The wolves are much more than companions, however. They become the Stark family's fiercest protectors and their eyes to the wider world, with Jon, Bran, and Arya eventually able to enter their wolves' minds. The direwolves also impact or share the fates of their owners. Summer saves Bran from an assassin and later becomes Bran's eyes and legs as the boy journeys toward the Wall. Nymeria joins in Arya's attack on Joffrey when he torments the butcher's boy and then, like Arya, disappears into exile and gathers a "pack" that begins ravaging the forest. After the attack on Joffrey, Sansa's innocent wolf Lady is sacrificed by Cersei's order in Nymeria's place, leaving Sansa defenseless and equally at the mercy of the Lannisters. Robb's Grey Wind later becomes his partner on the battlefield and literally joins him in death, and Jon's Ghost, who begins as the smallest and "least" of the pups, grows as strong and resourceful as his master, often playing a key role in Jon's growth and triumphs.

Seasons

In Westeros, summer can last a decade and winter a lifetime, and the seasons represent more than shifts in temperature or daylight to the people who live through them. Summer is considered a time of life, growth, and hope. The winters bring "the long night"—cold, despair, and an endless struggle for survival. The words of House Stark—"Winter is coming"—are especially ominous at the beginning of this story and bring with them a sense of impending doom. Not only is the long night coming, but there are also disturbing rumors of armies massing beyond the great Wall to the north, some human and some not.

Summer and winter take on additional meaning through the followers of R'hllor, the Red God, and the opposing entity, the Great Other. R'hllor is said to be the god of light, heat, and life, while the Great Other is aligned with the forces of darkness, cold, and death. The two gods are said to wage an eternal war over the fate of the world, so the arrival of winter brings with it the fear that the Great Other is gaining power. As the series progresses, winter becomes more imminent, and the powers of darkness do indeed seem to be gaining strength.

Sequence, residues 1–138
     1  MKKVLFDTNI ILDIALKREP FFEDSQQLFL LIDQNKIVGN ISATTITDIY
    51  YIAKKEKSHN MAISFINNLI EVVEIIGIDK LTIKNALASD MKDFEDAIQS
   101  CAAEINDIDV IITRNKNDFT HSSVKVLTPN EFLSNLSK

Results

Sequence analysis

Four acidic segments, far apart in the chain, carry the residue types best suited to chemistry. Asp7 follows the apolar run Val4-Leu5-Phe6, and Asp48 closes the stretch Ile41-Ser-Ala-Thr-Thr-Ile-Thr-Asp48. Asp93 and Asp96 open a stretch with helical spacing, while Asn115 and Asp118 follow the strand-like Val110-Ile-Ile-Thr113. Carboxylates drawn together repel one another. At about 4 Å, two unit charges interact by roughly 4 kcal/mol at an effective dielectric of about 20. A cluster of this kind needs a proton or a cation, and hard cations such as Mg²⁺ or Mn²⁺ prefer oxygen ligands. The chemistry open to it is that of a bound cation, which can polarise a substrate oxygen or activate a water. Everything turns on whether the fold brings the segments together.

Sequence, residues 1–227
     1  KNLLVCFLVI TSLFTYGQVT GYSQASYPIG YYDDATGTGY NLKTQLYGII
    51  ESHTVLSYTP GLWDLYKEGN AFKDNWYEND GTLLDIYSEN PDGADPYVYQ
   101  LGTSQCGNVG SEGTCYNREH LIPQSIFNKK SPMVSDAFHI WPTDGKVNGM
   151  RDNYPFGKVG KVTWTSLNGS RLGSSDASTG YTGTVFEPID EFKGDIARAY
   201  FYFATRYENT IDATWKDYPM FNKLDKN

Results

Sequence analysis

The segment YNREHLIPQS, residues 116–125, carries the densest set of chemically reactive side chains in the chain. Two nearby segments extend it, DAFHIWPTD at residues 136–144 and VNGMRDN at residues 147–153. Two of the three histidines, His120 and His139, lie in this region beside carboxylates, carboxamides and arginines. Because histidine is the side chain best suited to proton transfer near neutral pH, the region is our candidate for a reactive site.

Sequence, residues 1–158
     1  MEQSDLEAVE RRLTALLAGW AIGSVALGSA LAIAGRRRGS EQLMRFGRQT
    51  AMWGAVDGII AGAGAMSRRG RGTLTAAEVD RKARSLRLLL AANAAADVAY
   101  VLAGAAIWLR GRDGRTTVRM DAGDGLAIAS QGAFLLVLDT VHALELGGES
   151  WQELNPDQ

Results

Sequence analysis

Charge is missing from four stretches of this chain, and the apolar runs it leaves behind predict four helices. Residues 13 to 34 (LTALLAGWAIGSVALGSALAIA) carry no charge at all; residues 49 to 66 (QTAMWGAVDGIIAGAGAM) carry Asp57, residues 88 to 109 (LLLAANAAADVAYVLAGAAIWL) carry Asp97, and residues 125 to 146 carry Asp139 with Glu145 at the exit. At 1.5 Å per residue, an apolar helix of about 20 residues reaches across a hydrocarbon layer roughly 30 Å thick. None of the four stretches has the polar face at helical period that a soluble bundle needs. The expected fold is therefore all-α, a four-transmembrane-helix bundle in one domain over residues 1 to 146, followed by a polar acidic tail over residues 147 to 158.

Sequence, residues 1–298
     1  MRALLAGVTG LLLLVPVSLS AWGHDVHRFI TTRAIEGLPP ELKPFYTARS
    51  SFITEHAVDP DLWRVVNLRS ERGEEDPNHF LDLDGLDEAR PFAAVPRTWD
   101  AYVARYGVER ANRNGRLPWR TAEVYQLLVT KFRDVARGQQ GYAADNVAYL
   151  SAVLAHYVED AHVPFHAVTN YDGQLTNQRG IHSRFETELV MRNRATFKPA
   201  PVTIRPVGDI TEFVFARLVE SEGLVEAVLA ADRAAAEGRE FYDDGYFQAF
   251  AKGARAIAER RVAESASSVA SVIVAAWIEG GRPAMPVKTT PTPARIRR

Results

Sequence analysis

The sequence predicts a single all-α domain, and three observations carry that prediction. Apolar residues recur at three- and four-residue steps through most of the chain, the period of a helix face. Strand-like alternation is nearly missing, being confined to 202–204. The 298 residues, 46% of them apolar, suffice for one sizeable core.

Dragons

Daenerys's three dragons are perhaps the most thrilling elements in the book. From the moment they are born, they promise magic, wonder, and excitement. They also lend themselves to a variety of intriguing interpretations.

First, to the people of Westeros and Essos, dragons have entered the realm of myth, but they have always represented magic and the seasons. It is believed that magic began to leave the world when the last dragon died and that the winters became colder and harsher. Dragons are also a reminder of a more glorious past, when Targaryen Dragonlords flew their beasts into battle and used them to unify the Seven Kingdoms.

The dragons also have another, less romantic, meaning. In the words of the shadowbinder Quaithe, "Dragons are fire made flesh, and fire is power." Power, of course, is what every ambitious person in Westeros and Essos is seeking, so the dragons become the ultimate prize to be won. Whoever owns them becomes nearly invincible, able to dominate anyone they choose. In this sense, the dragons become a metaphor for the weapons of war. When they are possessed by reasonable people and used for honorable purposes, they can be a means of maintaining peace. But when used for the wrong reasons, they literally become weapons of mass destruction.

Finally, the dragons are also a symbol of Daenerys herself. She possesses the "blood of the dragon" and their fiery spirit as well. As they grow in power, so does she. But when she loses control, so do they. And when she is forced to chain two of the creatures to prevent them from harming her subjects, she imprisons the strongest part of her soul. Only Drogon remains free, but he is enough to save Daenerys from herself in the pits of Meereen.